Mirror Mirror (2012) Poster

Mirror Mirror (2012)

  • Rate: 6.0/10 total 1,172 votes 
  • Genre: Adventure | Comedy | Drama | Fantasy
  • Release Date: 30 March 2012 (USA)
  • Runtime: 106 min
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Mirror Mirror (2012)


Mirror Mirror 2012tt1667353.jpg poster

  • IMDb page: Mirror Mirror (2012)
  • Rate: 6.0/10 total 1,172 votes 
  • Genre: Adventure | Comedy | Drama | Fantasy
  • Release Date: 30 March 2012 (USA)
  • Runtime: 106 min
  • Director: Tarsem Singh
  • Stars: Lily Collins, Julia Roberts and Armie Hammer
  • Original Music By: Alan Menken   
  • Sound Mix: Dolby Digital
  • Plot Keyword: Queen | Evil Queen | Princess | Two Word Title | Dwarf

Writing Credits By:

  • Jacob Grimm (original story) and
  • Wilhelm Grimm (original story)
  • Melissa Wallack (screenplay) &
  • Jason Keller (screenplay)
  • Melisa Wallack  screenplay

Known Trivia

  • Saoirse Ronan was considered for the role of Snow White, but the age difference between her and Armie Hammer was too big.
  • Alex Pettyfer, James Holzier, and James McAvoy were all considered for the part of Prince Andrew Alcott.
  • The original script included a scene between a shirtless Prince (Armie Hammer) and the Queen (Julia Roberts) in which the Queen remarks how smooth his chest is. This line had to be altered when Hammer refused to shave the hair off his chest for the scene.
  • Lily Collins admitted in an interview that she originally auditioned for the role of Snow White in Snow White and the Huntsman, losing to Kristen Stewart.
  • Until the filming was complete, Mirror Mirror was known as The Untitled Snow White Project. Though director Tarsem Singh’s intention was to make a family-friendly action comedy, he admitted to the press that he was disappointed with the title Mirror, Mirror. He said in an interview that we would have preferred the simple title of “Snow.”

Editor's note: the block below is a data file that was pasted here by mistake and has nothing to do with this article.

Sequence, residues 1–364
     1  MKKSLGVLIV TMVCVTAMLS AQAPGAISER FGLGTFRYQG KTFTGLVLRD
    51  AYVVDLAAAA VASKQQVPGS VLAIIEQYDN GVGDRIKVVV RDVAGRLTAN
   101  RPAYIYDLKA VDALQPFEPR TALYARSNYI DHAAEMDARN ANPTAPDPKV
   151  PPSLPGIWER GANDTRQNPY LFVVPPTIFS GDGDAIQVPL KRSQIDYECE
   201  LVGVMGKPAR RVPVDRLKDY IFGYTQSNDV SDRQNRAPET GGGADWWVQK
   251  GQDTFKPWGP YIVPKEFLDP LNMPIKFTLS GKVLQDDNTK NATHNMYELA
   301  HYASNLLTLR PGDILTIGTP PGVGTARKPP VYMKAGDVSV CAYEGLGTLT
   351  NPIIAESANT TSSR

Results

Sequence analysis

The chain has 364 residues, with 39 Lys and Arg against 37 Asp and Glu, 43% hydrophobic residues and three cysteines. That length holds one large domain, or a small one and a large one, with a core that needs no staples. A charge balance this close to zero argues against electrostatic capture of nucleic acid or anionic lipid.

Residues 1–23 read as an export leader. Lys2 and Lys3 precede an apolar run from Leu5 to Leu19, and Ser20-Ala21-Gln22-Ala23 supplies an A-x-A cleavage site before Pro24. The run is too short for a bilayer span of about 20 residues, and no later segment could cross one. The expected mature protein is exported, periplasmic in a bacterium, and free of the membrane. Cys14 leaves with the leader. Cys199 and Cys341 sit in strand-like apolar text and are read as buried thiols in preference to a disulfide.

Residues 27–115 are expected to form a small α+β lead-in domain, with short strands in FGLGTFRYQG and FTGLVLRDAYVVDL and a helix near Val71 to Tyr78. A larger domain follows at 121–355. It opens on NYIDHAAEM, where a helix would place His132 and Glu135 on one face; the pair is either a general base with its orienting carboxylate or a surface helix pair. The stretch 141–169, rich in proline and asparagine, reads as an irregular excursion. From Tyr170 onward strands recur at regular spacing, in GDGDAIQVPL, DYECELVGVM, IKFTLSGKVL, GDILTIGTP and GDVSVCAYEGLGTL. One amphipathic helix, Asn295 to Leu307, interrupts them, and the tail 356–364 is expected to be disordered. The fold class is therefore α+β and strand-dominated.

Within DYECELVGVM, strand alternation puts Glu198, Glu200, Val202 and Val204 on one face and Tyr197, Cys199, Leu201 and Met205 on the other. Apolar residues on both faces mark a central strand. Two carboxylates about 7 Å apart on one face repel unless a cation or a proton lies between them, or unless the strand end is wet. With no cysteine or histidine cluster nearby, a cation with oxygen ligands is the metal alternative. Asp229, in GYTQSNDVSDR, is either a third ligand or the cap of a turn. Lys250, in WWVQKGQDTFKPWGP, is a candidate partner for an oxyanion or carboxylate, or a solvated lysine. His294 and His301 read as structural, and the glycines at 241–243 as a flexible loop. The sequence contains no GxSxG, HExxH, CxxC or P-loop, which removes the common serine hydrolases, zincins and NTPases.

• Julia Roberts said in an interview, “I was like, ‘this is a terrible idea.’ I was against it (the movie) a thousand percent.” However, when Roberts had a meeting with director Tarsem Singh, her opinions changed completely. “I am such a fan of Tarsem, and fell under his spell.”
  • According to Julia Roberts, her costumes in the film were both heavy and almost impossible to move in. At one point while shooting, Roberts turned rather quickly to her co-star Nathan Lane during a take, and pulled a muscle. Needless to say, they had to stop shooting. Lane asked if Roberts was all right, and she responded with, “I think I just ripped something.”
  • In many traditions of Snow White, the actress playing the Evil Queen also plays the Witch/Crone role with the poisoned apple. Producers kept videos and photographs of ‘Julia Robert (I)”s “hag” transformation under wraps before the film was released to both surprise and lure audiences. However, director Tarsem Singh revealed in an interview, “Julia does become a hag in the end, it’s pretty gross.”
  • This is Julia Roberts’ second film playing an iconic fairy tale role; two decades earlier, she played Tinkerbell in Hook.
  • This is the second time Martin Klebba has portrayed one of the seven dwarfs in a Snow White film, the first being Snow White: The Fairest of Them All: The Fairest of Them All.